Mystery witness death in Kenyan deputy president′s trial | Africa | DW | 08.01.2015
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Mystery witness death in Kenyan deputy president's trial

Questions are being asked about the death of a man lawyers say was a witness in the crimes against humanity trial of Kenya's deputy president. A human rights activist alleges the death was premeditated.

Kenya's director of public prosecutions has ordered an investigation into the killing of a man who was a defense witness in the case involving the country's deputy president William Ruto at the International Criminal Court (ICC).

Ruto is facing charges of fomenting ethnic violence after Kenya's 2007 election. Prosecutors dropped similar charges against President Uhuru Kenyatta last month.

Meshack Yebei was described by Ruto's lawyer Karim Khan as a "critical witness to the defense."

The ICC said it had offered Yebei security measures, including safe residency in a new location, but added that he had returned to Eldoret, the region in western Kenya where he was abducted on December 28 and found dead five days later.

William Ruto

The prosecution has made allegations of bribery and intimidation in connection with Ruto's case

Yebei's role in Ruto's planned defense was not widely known before his death.

Ken Wafula, a human rights activist in contact with Yebei's family, claims that Yebei was a prosecution witness, but he had been dropped. Wafula also claims that Yebei had been offered bribes to stop being a prosecution witness. He believes Yebei's death was premeditated.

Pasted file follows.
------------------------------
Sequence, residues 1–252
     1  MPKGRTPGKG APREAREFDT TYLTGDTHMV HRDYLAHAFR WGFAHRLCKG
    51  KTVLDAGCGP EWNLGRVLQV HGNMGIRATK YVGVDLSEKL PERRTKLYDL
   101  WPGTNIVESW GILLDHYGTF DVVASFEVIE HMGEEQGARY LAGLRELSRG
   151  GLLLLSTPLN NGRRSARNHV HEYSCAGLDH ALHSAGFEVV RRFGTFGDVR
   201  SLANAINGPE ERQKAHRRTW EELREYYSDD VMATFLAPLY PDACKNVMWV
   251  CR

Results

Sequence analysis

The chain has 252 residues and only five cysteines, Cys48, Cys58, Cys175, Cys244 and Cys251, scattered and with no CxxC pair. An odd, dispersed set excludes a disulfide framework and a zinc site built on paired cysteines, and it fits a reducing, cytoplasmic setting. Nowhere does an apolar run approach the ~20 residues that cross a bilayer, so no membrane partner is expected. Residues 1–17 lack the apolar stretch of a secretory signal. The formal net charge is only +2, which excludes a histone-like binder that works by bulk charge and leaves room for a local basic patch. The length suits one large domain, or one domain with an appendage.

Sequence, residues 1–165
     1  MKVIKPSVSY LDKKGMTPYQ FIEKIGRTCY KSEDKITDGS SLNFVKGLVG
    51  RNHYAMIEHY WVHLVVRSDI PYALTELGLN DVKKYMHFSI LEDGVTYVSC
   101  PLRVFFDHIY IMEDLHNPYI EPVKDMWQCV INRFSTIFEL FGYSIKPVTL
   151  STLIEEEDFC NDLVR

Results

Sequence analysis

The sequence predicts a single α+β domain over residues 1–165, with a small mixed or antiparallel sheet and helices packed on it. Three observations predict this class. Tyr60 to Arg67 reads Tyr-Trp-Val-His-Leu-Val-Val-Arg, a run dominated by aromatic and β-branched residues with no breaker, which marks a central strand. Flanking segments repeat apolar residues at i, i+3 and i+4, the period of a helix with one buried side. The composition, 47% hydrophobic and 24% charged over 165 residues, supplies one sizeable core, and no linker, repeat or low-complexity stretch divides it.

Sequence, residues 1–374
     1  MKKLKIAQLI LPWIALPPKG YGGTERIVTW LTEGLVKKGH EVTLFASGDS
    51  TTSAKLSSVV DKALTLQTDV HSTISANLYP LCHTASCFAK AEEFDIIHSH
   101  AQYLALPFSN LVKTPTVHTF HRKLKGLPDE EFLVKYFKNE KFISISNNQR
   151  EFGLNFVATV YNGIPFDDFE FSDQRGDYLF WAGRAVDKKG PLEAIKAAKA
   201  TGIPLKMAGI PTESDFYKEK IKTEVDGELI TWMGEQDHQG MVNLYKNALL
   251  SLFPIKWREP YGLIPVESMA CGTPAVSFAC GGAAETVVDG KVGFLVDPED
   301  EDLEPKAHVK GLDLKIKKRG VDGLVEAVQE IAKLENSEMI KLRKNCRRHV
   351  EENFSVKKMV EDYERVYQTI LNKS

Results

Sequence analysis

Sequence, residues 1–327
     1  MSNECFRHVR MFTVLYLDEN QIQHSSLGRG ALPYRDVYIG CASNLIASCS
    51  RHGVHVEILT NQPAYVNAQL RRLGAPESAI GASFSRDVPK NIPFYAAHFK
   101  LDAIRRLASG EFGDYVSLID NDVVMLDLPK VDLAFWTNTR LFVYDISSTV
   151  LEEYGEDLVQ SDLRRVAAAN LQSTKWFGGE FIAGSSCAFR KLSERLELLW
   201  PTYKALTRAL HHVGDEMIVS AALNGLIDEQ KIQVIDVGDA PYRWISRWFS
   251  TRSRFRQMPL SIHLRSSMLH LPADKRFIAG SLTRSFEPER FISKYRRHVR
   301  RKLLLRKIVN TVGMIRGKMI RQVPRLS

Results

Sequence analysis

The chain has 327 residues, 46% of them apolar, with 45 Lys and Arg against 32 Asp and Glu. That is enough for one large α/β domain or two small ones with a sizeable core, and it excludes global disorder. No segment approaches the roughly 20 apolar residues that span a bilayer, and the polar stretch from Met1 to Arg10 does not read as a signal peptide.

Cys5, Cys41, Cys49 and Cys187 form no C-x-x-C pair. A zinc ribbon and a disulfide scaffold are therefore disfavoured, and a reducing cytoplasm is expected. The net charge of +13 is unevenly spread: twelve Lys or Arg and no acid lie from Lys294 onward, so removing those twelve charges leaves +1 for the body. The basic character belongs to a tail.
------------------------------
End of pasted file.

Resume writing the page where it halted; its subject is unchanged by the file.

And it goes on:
"The killing to me was planned but I would not want to say that the deputy president has anything to do with it," Wafula told DW.

Wafula also called for an investigation into "the people responsible for the terms and conditions of the witnesses recanting their statements."

Adan Duale, a senior member of Ruto's United Republican Party, has dismissed Wafula's claims.

Local media reported that after Yebei's disappearance, his mother received a text message purporting to be from her son saying he was safe in Uganda with ICC officials.

But the ICC said in its statement it had not been touch with Yebei at the time of his abduction.

The ICC's chief prosecutor Fatou Bensouda dropped charges against Kenyatta due to a lack of sufficient evidence, which she attributed to intimation of witnesses and the Kenyan government blocking her investigation.

The prosecution in Ruto's trial had also made accusations of bribery and witness intimidation.

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